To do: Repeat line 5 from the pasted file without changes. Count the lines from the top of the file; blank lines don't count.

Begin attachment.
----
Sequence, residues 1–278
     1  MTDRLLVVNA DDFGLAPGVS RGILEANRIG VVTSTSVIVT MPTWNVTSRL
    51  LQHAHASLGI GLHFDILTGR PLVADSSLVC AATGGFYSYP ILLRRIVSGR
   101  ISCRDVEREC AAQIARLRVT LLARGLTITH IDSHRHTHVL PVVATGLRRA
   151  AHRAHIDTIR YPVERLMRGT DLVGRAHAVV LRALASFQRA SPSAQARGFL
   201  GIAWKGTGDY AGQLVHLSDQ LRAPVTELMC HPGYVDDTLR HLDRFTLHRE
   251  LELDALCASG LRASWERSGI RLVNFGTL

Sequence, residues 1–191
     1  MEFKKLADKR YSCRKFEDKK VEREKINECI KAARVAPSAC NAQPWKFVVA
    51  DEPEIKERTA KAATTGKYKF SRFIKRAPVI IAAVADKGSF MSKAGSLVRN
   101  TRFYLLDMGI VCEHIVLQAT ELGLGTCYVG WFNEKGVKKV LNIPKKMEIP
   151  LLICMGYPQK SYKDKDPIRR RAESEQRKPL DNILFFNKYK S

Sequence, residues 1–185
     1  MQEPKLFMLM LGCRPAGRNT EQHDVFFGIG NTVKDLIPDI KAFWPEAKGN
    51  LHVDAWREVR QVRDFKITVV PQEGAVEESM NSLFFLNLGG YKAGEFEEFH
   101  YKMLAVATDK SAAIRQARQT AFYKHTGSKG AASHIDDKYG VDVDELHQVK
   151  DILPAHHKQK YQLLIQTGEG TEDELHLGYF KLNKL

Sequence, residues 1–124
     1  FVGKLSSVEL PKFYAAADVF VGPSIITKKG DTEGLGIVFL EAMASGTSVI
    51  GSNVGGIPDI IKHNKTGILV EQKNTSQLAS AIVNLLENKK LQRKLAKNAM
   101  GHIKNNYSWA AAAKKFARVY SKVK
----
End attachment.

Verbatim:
   151  AHRAHIDTIR YPVERLMRGT DLVGRAHAVV LRALASFQRA SPSAQARGFL